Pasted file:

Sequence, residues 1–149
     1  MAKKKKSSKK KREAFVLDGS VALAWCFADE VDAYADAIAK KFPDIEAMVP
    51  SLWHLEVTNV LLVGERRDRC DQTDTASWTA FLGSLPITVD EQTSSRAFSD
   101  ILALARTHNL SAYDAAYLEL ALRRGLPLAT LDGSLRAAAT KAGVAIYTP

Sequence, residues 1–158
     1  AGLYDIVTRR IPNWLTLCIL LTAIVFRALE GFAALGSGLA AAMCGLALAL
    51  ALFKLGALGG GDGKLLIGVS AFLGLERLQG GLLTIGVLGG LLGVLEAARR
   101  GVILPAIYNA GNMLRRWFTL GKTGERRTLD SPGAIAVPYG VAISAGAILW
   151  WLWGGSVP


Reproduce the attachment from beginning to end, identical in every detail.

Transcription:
Sequence, residues 1–149
     1  MAKKKKSSKK KREAFVLDGS VALAWCFADE VDAYADAIAK KFPDIEAMVP
    51  SLWHLEVTNV LLVGERRDRC DQTDTASWTA FLGSLPITVD EQTSSRAFSD
   101  ILALARTHNL SAYDAAYLEL ALRRGLPLAT LDGSLRAAAT KAGVAIYTP

Sequence, residues 1–158
     1  AGLYDIVTRR IPNWLTLCIL LTAIVFRALE GFAALGSGLA AAMCGLALAL
    51  ALFKLGALGG GDGKLLIGVS AFLGLERLQG GLLTIGVLGG LLGVLEAARR
   101  GVILPAIYNA GNMLRRWFTL GKTGERRTLD SPGAIAVPYG VAISAGAILW
   151  WLWGGSVP